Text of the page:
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Lately Google has been cranking out important updates and improvements to many of its products across all of its platforms (Android, IOS, Gmail, etc). Today we see yet another improvement coming out of the Mountain View company,  this time in connection with its quickly growing Google+ social network. The company announced on its blog today that it will be rolling out a new feature within Google+ called “Google+ Communities”. Google+ Communities act as a hub around which people with common interests can gather, discuss, debate, trade ideas and more. In essence it functions in many ways like a Facebook “group”, but catered toward specific interests. The communities are arranged by topics (photography, surfing, Android, music) so people of a like-mind can flock together, make new friends, network and more.

» Read the rest

Trio of Google apps join Google Search and Google Now updates today

by Jeff Causey on
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A trio of Google’s apps received updates today, joining Google Search or Google Now on Jelly Bean devices. Google Translate received a major update, now providing the ability to recognize Chinese, Japanese and Korean using a device’s phone. The capability is limited to horizontal text only for now, but we can only imagine the ability to translate vertical text must be in the works. Google also added eleven new languages, Afrikaans, Croatian, Czech, Icelandic, Latvian, Lithuanian, Macedonian, Slovak, Slovenian, Ukrainian, Welsh, to the list that can handle handwritten text. » Read the rest

Google’s Eric Schmidt sends message to Apple, explains the ‘adult way to run a business’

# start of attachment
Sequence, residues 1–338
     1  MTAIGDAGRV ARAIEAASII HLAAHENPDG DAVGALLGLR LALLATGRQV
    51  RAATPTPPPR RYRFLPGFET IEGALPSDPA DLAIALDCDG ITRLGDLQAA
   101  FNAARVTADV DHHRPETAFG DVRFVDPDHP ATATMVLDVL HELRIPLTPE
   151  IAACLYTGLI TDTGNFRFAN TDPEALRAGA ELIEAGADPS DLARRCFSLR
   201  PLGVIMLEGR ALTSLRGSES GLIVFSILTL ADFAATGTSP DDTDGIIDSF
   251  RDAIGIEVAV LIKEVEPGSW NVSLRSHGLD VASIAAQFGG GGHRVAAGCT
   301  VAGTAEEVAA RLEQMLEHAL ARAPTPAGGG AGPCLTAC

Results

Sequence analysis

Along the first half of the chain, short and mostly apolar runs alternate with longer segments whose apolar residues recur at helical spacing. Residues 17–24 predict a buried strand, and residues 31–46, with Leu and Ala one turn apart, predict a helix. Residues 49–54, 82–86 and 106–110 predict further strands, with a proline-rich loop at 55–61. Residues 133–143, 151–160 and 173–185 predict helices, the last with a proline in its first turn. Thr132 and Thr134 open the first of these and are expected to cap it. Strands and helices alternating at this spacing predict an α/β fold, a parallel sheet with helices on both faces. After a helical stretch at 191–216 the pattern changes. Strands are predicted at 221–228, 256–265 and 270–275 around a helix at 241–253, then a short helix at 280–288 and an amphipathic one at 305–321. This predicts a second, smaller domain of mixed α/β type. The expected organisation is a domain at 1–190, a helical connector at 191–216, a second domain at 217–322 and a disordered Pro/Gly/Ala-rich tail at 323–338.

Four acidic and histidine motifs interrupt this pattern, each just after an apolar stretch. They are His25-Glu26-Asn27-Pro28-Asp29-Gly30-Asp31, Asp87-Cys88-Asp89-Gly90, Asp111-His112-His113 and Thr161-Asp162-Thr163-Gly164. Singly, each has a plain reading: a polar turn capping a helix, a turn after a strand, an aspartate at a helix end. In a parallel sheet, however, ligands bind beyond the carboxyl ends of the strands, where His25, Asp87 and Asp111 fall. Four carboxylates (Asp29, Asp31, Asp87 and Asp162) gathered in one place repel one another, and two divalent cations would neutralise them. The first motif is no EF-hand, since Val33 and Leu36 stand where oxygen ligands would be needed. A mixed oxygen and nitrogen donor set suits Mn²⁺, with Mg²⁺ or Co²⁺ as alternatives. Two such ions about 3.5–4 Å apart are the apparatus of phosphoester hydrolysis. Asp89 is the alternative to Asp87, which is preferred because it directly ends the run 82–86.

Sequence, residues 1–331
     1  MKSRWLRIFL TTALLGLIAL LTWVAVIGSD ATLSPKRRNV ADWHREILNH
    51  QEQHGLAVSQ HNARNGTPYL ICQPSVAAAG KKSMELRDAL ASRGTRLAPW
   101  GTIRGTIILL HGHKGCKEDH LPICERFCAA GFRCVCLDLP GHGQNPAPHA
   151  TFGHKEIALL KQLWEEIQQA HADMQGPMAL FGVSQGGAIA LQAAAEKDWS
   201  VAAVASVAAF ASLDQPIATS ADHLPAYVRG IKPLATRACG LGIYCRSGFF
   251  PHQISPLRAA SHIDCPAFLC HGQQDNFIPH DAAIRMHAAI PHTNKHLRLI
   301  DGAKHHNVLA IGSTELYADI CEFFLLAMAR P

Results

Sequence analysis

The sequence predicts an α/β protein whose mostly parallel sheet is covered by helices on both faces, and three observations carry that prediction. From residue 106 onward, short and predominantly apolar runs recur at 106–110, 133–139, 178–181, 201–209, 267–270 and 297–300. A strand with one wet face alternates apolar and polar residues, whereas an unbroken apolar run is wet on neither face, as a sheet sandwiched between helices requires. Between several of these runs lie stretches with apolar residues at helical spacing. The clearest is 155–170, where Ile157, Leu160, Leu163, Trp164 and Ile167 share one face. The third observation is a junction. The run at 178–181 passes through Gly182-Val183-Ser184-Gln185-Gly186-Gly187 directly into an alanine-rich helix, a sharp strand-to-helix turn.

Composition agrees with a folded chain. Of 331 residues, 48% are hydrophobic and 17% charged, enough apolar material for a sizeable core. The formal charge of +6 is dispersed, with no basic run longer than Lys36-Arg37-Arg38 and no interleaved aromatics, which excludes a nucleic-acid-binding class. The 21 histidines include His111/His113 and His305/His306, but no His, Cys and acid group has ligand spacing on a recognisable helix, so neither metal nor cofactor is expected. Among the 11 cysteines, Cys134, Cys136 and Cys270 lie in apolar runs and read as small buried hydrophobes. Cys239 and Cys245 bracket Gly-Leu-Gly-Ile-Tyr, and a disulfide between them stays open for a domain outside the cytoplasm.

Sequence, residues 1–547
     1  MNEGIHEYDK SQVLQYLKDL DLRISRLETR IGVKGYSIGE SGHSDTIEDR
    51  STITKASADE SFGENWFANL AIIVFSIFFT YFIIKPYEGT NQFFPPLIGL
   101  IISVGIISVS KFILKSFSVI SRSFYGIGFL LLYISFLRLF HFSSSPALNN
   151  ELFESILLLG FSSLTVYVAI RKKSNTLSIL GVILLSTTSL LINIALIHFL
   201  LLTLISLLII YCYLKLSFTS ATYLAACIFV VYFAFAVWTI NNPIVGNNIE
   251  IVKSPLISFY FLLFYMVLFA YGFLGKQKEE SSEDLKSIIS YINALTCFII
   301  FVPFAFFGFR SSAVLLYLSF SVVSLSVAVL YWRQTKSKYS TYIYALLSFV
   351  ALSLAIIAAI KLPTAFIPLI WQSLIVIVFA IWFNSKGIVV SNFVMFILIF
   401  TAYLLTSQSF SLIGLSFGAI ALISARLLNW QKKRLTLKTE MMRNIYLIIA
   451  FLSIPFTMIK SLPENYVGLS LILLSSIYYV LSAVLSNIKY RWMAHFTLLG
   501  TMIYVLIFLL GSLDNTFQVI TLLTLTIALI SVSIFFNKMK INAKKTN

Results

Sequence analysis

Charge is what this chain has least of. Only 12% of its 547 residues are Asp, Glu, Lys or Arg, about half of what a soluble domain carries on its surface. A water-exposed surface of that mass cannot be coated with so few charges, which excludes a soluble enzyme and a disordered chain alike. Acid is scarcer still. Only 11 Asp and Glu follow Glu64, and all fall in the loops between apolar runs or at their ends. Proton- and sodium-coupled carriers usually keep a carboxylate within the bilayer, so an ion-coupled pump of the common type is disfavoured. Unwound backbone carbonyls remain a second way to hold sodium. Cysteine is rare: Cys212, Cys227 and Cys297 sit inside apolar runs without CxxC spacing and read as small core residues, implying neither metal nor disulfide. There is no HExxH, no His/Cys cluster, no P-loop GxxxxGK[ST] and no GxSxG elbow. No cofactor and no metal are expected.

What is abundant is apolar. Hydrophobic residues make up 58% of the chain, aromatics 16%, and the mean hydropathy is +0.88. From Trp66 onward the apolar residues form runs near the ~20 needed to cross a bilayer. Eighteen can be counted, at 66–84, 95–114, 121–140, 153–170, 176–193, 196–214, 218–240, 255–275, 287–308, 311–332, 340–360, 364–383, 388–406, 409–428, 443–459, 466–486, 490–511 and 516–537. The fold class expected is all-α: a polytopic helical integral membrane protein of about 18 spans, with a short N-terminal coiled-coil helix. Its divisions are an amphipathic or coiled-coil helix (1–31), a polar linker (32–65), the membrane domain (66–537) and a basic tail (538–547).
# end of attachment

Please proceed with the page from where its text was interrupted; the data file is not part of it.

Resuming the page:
by Colton Kaiser on
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While Google’s Eric Schmidt may have once served on the board of directors at Apple, that apparently hasn’t affected his impartiality. The search giant’s executive chairman took a direct shot at Apple today in an interview with the Wall Street Journal, sending the Cupertino company a personal message, letting them know that the current way they are conducting business is laughingly based on a “teenage model of competition,” as the press would like to put it.

Schmidt also expressed his dismay with Apple’s choice to drop Google Maps in iOS 6, a choice that inevitably proved embarrassing for Tim Cook and co. » Read the rest

Private Google Play Store Opens, Brings Internal App Distribution to Businesses

by Sean Stewart on
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We’re all aware that that the Google Play Store is the place we go to peruse the thousands of apps to do everything from entertaining us to making our lives easier. If you happen to use Google Apps for your business however, today the Play Store was updated to distribute internal apps to your employees via the Google Play Private Channel. Google is suggesting these apps can be used for things like filling out an expense report or finding an available conference room.

The apps will need to be loaded on the backend using the Developer Console. Once they’re loaded, users simply log on using their company email. From there they can find, peruse, and download the internal apps. The internal ‘Store’ looks and acts just like the normal store, including security and ratings. This should make published reviews interesting in the workplace. You can find more information in the link below.

source:  Google Enterprise Log